Rev. William Henry Hechler died on January 30, 1931. On February 2, 2011, eighty years and three days following his demise, a tombstone was dedicated and placed at his grave, which had previously been unmarked. The inscription below his name reads:A Lover of God, His Word And His Ancient People. Tireless Adversary of Anti-Semitism Friend and Counsellor of Theodore Herzl
Theodore Herzl could not have imagined that, within weeks of publishing his ground-breaking pamphlet, The Jewish State, his work would find an enthusiastic supporter from a Christian chaplain. In 1896, long before the internet afford the luxury of putting anyone’s work before the public eye, were it not divinely ordained, it is difficult to imagine that a singular man, a Gentile, who himself had published The Restoration of the Jews to Palestine according to the Prophecy, would be rummaging through book stalls in Vienna and end up with Herzl’s pamphlet in his hands.
Even if it does not seem to be a miracle to us, it did to William Henry Hechler. In his own work, published just a couple of years earlier, Hechler wrote that the days of Jewish salvation would begin around 1897 and that, “It is the duty of every Christian to love the Jews.” Herzl’s publication was unpopular with many Jews for political reasons. Hechler’s work was rejected by Christians who had never seriously studied the Prophets.
Individually, it is likely that their singular works might have drifted into oblivion. Both men had passion and wisdom. Herzl had a vision. William Henry Hechler had something else. He had connections.
Hechler was determined to share what he had deduced from reading Biblical prophecy, he also saw Herzl’s The Jewish State as affirmation of his reasoning. He reached out to Herzl and, ultimately, did what he could to engage his contacts in the Germany hierarchy to support Herzl’s Zionist proposition. It would be a mistake to say that their combined efforts opened the door to the establishment of the Jewish State, but it might be accurate to say that it would not have happened without them. There was widespread resistance to both their vision and their efforts, but they laid a foundation upon which others would build.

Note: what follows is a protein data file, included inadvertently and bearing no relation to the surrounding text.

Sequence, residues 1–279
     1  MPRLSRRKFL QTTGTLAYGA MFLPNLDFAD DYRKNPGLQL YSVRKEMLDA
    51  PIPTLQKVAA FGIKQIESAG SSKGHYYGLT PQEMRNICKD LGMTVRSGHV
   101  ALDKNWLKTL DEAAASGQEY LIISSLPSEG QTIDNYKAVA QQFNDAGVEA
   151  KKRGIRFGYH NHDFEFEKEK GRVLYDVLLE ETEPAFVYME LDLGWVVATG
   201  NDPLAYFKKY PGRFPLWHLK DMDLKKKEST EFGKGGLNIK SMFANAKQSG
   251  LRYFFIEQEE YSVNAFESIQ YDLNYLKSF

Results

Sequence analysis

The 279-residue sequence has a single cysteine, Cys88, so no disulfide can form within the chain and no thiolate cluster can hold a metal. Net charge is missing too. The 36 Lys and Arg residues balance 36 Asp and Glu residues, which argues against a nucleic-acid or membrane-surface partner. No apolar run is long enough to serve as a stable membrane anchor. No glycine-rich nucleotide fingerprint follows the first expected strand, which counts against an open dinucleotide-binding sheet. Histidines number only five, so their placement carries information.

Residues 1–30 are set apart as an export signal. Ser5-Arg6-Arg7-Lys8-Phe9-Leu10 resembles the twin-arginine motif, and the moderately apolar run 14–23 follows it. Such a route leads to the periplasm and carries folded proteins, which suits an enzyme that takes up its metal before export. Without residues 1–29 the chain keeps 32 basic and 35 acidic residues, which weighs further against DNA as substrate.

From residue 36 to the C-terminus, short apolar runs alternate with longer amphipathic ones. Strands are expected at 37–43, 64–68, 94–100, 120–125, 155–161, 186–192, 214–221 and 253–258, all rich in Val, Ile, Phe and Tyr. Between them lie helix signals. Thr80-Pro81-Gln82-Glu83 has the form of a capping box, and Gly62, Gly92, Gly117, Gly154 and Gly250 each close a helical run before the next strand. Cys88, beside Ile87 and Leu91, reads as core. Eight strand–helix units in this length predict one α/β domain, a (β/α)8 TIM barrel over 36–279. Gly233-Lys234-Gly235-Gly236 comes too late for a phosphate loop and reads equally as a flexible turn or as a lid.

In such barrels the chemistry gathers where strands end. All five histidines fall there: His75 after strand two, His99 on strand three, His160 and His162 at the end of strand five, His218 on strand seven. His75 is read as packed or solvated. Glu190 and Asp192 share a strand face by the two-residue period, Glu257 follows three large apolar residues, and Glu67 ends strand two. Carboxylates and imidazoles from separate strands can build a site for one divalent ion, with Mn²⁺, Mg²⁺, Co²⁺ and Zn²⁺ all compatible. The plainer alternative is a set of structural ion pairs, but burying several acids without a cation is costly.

At the dedication of the headstone, Jerry Klinger, the president of the Jewish American Society for Historic Preservation, said, “It has long been recognized that, without Hechler’s intercession and support, Herzl may have simply remained an obscure, eccentric Viennese journalism. The course of Zionism, and possibly the very founding of the modern State of Israel, may not have been successful.”
Israeli Ambassador, Ron Prosor, also remarked, “The support he gave to Theodor Herzl is symbolic of the understanding that is found today among our Christian friends, of the eternal connections that exists between the Jewish People and Eretz Yisrael.”
In the annals of history, it may be fitting to say that William Henry Hechler was the very first Friend of Zion.